By Howard Grosfield
It’s not what you know but who you know—there’s truth in this business
proverb. Knowing the “right” people—those who can help your business
prosper—is the payoff from successful networking.
Networking is not about finding new business, nor is it is about chatting with strangers. Instead, networking is seeking out people—current or former customers, former work colleagues, old classmates and friends—who can help you find new or better vendors, provide advice on business management, and yes, refer leads or even become customers. And, of course, networking means doing the same for them. The actual practice of building relationships can actually be exciting because it consists of meeting people and talking about your business. At the same time you are learning about (and helping) other business owners.
Most of us understand the importance of building a network, however, those who are making the most of this vital business resource take a systematic approach to develop their network and treat it as a regular business function alongside their other marketing and sales initiatives.
Where the strategy component comes into play is in the preparation and follow-up. Once connections are made, it is important to make a commitment to nurturing the initial contact and keeping relationships productive.
The following tips can help you maximize the business-building value of your network:
Set goals for yourself
Having a clear idea of what you want from your networking efforts will help you decide who should be part of your network. This prioritization will help you select events to attend as well. Chances are you will have many more opportunities to network than you have time for, so prioritizing is key. Consider creating a networking action plan. Set realistic, measurable goals. These can include the number of events you hope to attend in a given time period, how many people you hope to speak to, and the goals you hope to achieve from your efforts.
Choose events wisely
To determine which venues are best suited to meet people who will become part of your network, focus on depth over breadth. Being active in a few organizations that relate to your goals will have a greater impact than attending a different event every night. Be sure, though, to allow for a little serendipity—impromptu encounters may prove to be rewarding networking opportunities, since you never know who may turn out to be helpful.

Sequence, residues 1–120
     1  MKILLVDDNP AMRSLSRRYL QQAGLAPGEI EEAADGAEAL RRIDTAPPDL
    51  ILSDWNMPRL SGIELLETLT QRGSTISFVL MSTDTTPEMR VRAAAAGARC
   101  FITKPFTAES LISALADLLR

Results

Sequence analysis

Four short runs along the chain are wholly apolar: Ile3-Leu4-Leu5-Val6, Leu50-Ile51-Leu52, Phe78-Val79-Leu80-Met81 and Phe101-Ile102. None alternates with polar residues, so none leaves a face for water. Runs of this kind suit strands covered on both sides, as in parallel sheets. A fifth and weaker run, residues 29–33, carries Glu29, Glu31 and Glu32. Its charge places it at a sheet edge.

Taking an interest in the people you hope to connect with is one of the best ways to prepare for an event. If you find several interesting prospects on an attendee list, for example, learn what you can about their company and the business issues they may be facing by skimming their company website and industry publications. Above all, listen and be interested in what people are saying. Interest and camaraderie can help to build a solid foundation for a relationship.
Fine tune your “presentation”
When you network, people are going to ask about what you do. Create a business description that is concise, easy to understand and does not sound like a sales pitch. Once you’ve developed it, try it out on colleagues, friends, a neighbour, and others until it is as good as it can be. It might help to have a few brief examples of typical projects to help paint a clear picture of what you do.
Create a follow-up plan
A valuable contact is one that you can help and that can help you…with no strings attached. In other words, don’t think of yourself as a networker but as a problem-solver, and look for this same characteristic in the people you add to your network. Then start nurturing these valuable contacts. Quickly re-engage with the person—through a brief note referencing a point in your conversation, a quick phone call or an invitation to lunch—to build the foundation for a future relationship.
Howard Grosfield is vice-president and general manager, Small Business Services, American Express Canada & International.
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